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Riddle of Vyapti

$24
Item Code: NAZ265
Publisher: Sanskrit Pustak Bhandar
Author: Rupa Bal
Language: Sanskrit Text with English Translation
Edition: 2019
ISBN: 9789387800434
Pages: 78
Cover: HARDCOVER
Other Details 9.00 X 5.50 inch
Weight 220 gm
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Book Description
Preface

All living-beings are incessantly going forward in scarch of the accurate knowledge with regard to the absolute truth. So, the 'knowledge' is the central desired subject-matter of our life. There are different ways of gaining the accurate knowledge namely, perception, inference, verbal testimoni etc. Most of the things are knowledgeable to us in terms of 'inference' (`anumana'). Because, it is not always possible for us to perceive all the things of every time and place. Again, it is also not possible for us to gain the knowledge by listening to the utterance of the reliable persons. But, We may gain the knowledge most of the things of the world by dint of 'inference' (`anumana') So, `inference' is the very important procodure for gaining knowledge. `Invariable Concommitance rule' (`vyapti') is the first stepping stone for gaining the inferential cognition (`anumiti').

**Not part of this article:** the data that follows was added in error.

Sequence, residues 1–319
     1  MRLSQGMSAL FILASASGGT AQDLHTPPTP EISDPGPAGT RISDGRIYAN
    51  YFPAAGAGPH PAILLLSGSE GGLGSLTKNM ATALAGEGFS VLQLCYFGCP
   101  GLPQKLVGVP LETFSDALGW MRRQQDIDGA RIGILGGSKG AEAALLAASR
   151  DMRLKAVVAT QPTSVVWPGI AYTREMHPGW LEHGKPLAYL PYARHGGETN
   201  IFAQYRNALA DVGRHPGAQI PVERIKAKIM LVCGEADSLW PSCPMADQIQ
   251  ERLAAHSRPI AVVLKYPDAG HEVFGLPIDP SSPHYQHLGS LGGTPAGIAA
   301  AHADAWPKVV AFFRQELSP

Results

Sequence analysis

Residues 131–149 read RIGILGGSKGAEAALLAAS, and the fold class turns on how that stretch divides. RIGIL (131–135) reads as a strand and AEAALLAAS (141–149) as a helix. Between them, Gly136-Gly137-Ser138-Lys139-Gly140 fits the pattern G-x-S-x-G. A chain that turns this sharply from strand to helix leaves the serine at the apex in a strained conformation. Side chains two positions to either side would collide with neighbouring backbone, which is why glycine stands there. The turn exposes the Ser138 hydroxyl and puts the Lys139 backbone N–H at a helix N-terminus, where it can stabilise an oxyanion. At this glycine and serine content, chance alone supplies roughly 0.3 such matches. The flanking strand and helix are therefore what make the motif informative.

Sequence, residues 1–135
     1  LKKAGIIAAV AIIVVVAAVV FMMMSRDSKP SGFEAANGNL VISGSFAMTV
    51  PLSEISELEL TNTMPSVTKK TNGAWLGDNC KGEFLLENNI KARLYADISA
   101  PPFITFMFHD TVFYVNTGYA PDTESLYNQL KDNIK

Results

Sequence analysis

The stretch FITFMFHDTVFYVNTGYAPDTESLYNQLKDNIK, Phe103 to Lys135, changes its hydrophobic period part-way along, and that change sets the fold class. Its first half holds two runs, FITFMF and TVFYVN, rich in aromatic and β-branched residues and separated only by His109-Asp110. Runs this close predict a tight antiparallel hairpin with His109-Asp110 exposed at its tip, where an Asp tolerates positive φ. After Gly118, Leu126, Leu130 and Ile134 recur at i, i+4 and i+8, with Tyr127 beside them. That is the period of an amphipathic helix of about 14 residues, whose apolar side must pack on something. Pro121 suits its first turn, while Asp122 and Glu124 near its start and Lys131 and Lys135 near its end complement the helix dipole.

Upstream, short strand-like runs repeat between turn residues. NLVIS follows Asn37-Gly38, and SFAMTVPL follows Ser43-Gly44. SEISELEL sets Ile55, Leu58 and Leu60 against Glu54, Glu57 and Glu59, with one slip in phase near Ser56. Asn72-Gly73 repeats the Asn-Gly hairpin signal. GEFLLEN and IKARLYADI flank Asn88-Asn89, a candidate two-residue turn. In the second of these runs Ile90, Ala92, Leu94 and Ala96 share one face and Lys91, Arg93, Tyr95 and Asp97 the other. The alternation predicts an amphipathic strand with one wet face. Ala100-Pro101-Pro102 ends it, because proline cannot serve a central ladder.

We know that, 'invariable concommitance cognition' (vyaptijnana) is the base of inference so, it is necessary to know about the nature of 'inferential' cognition' (anumitijnana) in the case of discussion about vyaptijnana' . In this connection, we will discuss this matter.

`Inferential cognition (anumitijnana) is a kind of cognition accepted by the Naiyayikas which is originated after another cognition. `Miti' means 'cognition' (Jnana') and 'anu' means 'after'. The term 'anumiti' is defined by the Naiyayikas as such 'Vyapti'

The ultimate subject matter of this percent book is Nyapti'. We know that, the Naiyayikas present their argumentative conclusions in a very delicately investigable procedure of 'introduction' (`uddesa'), `definition' (`laksana') and 'proper evidence' (`pariksa'). Actully, that congnition is called 'anumiti' which is a relation between the inferential subject (paksa) and that probans (hetu) which is specified by Vyapti' or 'invariable concommitance'.